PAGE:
By Rich Dubroff
In spring training, it was no certainty Clint Robinson would make the Nationals. The final outfield spot came down to Mike Carp and Robinson.
Carp had six years of major league experience, and at 28, had 318 major league games and a World Series ring with the 2013 Boston Red Sox.
Robinson, who turned 30 as spring training began, had played in just 13 major league games.
Halfway through the season, Robinson is providing crucial depth for the Nationals while Carp is, at least for the moment, out of baseball.
Robinson’s two-run home run in the seventh inning gave the Nationals a 2-1 win over the San Francisco Giants before a sellout crowd of 41,693 at Nationals Park on Friday night.
After Robinson hit his fourth home run off Jake Peavy, he took a curtain call. But not at first.
“That was as big a shot of adrenaline as you could ask for. I was a little bit late with it, I think he’d already gotten two pitches into the next batter before I got out there. I was trying to calm myself down because I was messed up inside, but it was great,” Robinson said.
Early in the season, Robinson pinch hit and played in the outfield when Bryce Harper was injured, and these days, he’s getting to play some first base because Ryan Zimmerman is on the disabled list.
Robinson has impressed manager Matt Williams, who obviously appreciates the feel-good story, but appreciates the attributes he offers.
“It’s perseverance, isn’t it? It’s a long time in the minor leagues with success, with success at every level, and he’s finally getting to opportunity to play in the big leagues, getting an opportunity to play on a regular basis, and showing us what he can do. He’s been very productive for us,” Williams said.
Robinson, who started in the Kansas City organization, batted over .300 three times in his first six professional seasons including winning the Triple Crown in the Texas League in 2010 before he got four at-bats with the Royals in 2012.
He spent 2013 season in both Double and Triple-A with the Toronto organization before getting in nine games with Dodgers a year ago.
Now, he’s what passes for an overnight sensation.
“I know why this didn’t happen a few years ago. There’s only 750 guys in the major leagues, and there are thousands of guys trying to get one of them. It’s just about being in the right place at the right time. That’s why you hear about guys who play for years and years and everybody always asks: ‘Why?’
“Well, it’s because eventually that opportunity is going to come hopefully. Mine came this year, and I’m trying to make the most of it,” Robinson said.
Robinson’s home run made a winner out of Gio Gonzalez, who pitched seven innings, and allowed one run on Buster Posey’s homer in the seventh. He struck out six, and for the first time this season, didn’t walk a batter.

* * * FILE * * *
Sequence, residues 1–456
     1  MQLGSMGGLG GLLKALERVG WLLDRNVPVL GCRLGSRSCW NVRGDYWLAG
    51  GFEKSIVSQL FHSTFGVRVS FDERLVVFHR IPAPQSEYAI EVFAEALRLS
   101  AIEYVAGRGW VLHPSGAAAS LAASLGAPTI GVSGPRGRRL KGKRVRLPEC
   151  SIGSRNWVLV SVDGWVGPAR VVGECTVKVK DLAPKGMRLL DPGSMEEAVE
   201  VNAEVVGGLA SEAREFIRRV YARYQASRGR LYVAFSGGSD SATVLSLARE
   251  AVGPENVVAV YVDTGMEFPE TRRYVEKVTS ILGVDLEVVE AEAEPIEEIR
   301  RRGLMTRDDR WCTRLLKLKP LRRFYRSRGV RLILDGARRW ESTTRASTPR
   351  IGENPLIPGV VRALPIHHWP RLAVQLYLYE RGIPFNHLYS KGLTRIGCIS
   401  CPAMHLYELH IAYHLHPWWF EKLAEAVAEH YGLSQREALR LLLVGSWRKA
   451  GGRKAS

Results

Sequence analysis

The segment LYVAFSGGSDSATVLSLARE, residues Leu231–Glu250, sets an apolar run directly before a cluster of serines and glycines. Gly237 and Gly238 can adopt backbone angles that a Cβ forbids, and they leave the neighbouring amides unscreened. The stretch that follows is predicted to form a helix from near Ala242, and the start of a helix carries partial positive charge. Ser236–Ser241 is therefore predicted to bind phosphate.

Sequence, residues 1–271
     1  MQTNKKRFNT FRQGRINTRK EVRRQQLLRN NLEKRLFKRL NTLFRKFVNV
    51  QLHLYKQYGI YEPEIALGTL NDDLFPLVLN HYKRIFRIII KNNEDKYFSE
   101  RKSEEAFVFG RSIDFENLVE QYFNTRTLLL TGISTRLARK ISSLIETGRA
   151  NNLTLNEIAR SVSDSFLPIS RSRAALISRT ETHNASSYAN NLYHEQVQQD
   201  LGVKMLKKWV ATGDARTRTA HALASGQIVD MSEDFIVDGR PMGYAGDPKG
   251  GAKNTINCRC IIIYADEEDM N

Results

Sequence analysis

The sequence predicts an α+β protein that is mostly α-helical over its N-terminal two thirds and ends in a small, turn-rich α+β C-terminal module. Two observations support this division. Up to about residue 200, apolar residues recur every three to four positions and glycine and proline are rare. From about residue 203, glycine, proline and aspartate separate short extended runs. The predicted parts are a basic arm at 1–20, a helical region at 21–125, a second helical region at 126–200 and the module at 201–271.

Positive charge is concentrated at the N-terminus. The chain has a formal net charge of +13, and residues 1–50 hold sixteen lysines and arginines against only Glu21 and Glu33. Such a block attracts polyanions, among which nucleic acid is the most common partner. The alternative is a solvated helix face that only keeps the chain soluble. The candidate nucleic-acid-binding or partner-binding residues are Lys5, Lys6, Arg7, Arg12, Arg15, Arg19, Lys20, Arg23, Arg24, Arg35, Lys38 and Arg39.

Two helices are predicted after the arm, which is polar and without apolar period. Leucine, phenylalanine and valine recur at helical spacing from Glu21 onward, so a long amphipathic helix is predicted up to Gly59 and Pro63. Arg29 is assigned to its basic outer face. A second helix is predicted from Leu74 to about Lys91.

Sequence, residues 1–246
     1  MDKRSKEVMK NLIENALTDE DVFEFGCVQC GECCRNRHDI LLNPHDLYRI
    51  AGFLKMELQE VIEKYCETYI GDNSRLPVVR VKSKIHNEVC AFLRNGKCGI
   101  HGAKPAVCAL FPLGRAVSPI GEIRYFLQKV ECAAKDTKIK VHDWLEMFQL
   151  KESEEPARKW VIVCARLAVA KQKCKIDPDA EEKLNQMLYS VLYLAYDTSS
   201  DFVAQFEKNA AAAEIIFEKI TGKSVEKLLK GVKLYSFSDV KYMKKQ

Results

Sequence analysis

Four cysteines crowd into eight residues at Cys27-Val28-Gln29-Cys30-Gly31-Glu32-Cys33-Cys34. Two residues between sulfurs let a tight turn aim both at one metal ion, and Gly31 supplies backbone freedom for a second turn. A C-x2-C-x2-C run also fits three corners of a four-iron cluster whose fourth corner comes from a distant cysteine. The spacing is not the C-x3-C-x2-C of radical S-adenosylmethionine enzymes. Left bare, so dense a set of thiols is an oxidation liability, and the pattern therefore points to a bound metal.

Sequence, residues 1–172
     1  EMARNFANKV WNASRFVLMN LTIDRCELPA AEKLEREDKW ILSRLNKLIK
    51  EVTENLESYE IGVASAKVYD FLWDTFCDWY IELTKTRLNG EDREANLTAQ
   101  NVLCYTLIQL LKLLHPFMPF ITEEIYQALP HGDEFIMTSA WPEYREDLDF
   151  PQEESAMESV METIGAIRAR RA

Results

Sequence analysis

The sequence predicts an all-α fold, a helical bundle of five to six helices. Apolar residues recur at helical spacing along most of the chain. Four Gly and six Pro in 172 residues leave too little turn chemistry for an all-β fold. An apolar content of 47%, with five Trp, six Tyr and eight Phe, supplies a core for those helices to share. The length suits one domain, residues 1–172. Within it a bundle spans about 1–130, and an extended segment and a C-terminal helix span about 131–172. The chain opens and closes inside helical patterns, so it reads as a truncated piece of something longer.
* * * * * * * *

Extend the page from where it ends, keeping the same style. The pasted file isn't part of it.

Gonzalez (6-4) was pitching on five days rest because of a truncated start last Saturday in Philadelphia when he threw just 18 pitches before the game was rained out.
For a moment in the third inning, it looked as if Gonzalez had given himself the lead when he hit a long fly ball down the left field line. It was called foul, and Gonzalez was denied his fourth career home run.
“I knew it was foul off the bat. I didn’t want him to think I was showing [him] up. I knew it was foul,” Gonzalez said.
“I was trying to keep my head down. I didn’t know what was going on. Don’t know if it’s fair, don’t know if it’s off the wall or it’s gone. That’s the signature Gio Gonzalez move.”
Jake Peavy (0-3), making his first start since Apr. 17, pitched six excellent innings against the Nationals, allowing two hits in the first innings, and nothing else until the big home run.
Matt Thornton retired all three batters he faced in the eighth, and Drew Storen polished off the Giants in the ninth for his 24th save.
The hero was Robinson, who knows his playing time will be reduced when Zimmerman returns. He appreciates what he has.
“Every day in the big leagues is a good day. As long as I’m up here, I’m going to do the best I can to help this team win and hopefully take us into the playoffs,” Robinson said.
NOTES: Harper has equaled his season high of five games without an RBI. He walked three times. ... In his debut with the Racing Presidents, Calvin Coolidge won by pushing Teddy aside at the tape. … Madison Bumgarner (8-4, 2.99) faces Stephen Strasburg (5-5, 5.49) at 11:05 a.m. on Saturday.